The memorial of the famous 19th century Irish writer and poet, Oscar Wilde, lies in a cemetery in Paris. Chiseled out of a 20-tonne block of stone, the tomb features a winged figure resembling the Sphinx on a forward flight with vertically outstretched wings, and is supposed to be based on Wilde's poem The Sphinx and inspired by the British Museum's Assyrian figures. For years, female fans have visited the huge memorial in Paris's largest cemetery Pére Lachaise to pay homage to the Irish playwright and left their mark in red lipstick. Over thousands of lipstick kisses and graffiti messages cover the bottom half of the tomb.
The practice started in the late 1990s, when somebody decided to leave a lipstick kiss on the tomb. Since then lipstick kisses and hearts have been joined by a rash of red graffiti containing expressions of love, such as: "Wilde child we remember you", "Keep looking at the stars" and "Real beauty ends where intellect begins". Kissing Oscar's tomb on the Paris tourist circuit has become a cult pastime.
A fine of €9,000 ($12,000) was imposed on anyone caught kissing or damaging the historical monument, but it had no effect. It was hard to catch people in the act, and most culprits were tourists who were long gone before the police could bring them to court. Appeals from Wilde’s grandson Merlin Holland to stop the practice also fell on deaf ears. A plaque asking fans to respect the tomb instead of defacing it went in vain.
Meanwhile, those greasy red lipstick stains seeped into the stone making it harder and harder to clean. Every cleaning eroded a layer of stone rendering it even more porous, so the next cleaning had to go even deeper and wear away the stone even more.
In 2011, on the the occasion of Oscar Wilde’s 111th death anniversary, the authorities put up a glass barrier surrounding the tomb to prevent kissers from causing further damage. But now tourists are leaving kisses on the glass instead and flowers and notes were tossed inside the enclosure and now lie strewn at the tomb’s foot.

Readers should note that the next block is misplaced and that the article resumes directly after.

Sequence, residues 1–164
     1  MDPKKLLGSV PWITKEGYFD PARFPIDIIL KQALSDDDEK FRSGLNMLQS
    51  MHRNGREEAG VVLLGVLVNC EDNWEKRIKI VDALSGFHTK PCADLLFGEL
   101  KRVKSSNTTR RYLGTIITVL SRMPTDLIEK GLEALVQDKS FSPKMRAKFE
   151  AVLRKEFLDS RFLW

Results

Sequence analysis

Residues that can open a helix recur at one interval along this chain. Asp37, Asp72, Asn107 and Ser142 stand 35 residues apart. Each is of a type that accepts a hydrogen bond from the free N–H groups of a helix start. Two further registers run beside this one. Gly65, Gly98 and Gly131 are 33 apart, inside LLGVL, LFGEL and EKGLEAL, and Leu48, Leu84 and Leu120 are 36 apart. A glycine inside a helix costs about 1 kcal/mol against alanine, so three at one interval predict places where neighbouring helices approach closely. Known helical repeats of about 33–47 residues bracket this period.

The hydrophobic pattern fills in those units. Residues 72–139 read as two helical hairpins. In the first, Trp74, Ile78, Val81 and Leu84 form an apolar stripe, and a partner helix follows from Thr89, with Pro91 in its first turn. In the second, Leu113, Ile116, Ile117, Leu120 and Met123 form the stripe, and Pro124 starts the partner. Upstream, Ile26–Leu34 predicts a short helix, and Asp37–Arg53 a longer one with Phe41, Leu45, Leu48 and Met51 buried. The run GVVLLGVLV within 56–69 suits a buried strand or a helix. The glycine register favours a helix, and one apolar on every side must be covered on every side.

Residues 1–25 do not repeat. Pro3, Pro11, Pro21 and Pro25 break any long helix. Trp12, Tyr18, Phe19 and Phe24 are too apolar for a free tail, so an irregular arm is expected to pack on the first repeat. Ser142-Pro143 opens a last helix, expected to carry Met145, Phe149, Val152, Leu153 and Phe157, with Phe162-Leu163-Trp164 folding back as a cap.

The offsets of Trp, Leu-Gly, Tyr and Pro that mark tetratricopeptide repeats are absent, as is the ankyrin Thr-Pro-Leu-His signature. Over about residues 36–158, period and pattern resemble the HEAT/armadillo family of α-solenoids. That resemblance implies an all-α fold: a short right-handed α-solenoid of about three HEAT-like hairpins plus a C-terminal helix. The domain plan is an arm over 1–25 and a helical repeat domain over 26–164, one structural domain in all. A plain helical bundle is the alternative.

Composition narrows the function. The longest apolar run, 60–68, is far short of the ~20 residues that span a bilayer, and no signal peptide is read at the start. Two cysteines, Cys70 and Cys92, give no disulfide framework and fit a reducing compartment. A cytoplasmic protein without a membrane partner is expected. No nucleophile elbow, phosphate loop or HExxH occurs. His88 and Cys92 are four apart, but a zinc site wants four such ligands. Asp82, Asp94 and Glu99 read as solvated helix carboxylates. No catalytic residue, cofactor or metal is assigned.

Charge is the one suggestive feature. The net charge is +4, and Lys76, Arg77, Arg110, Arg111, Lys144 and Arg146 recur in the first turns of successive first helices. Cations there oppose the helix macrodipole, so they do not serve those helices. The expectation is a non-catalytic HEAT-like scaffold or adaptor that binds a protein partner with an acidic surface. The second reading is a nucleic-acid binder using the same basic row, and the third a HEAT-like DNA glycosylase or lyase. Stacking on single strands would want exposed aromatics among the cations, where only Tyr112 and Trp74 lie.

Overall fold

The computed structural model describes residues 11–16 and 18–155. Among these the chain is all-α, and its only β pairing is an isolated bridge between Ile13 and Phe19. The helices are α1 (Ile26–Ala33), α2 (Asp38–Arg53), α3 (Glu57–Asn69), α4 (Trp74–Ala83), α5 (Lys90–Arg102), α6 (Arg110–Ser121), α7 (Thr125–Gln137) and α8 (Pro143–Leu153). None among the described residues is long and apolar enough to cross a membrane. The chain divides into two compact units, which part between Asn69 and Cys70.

Oscar Wilde died bankrupt and desolate and his friends could offer him only a sixth-class burial at Bagneux, outside the city. Over the following years his friend and literary executor, Robert Ross, managed through the sale of Wilde's works, to annul Wilde's bankruptcy and purchase a burial plot at Père Lachaise. The following year Helen Carew, one of Ross's friends who had known Wilde in his heyday, anonymously offered £2,000 to erect a monument by the young sculptor Jacob Epstein.
When the sculpture was brought into the cemetery, the Parisian officials were offended by the angel’s nakedness and attempted to cover it with tarpaulin. They also covered the testicles with plaster as they considered its size unusual. Eventually, as compromise, a bronze plaque similar to the shape of butterfly was placed upon the testicles of the monument and it was unveiled in early August 1914. The tomb survived without further incident until 1961 when some vandals took off with the testicles.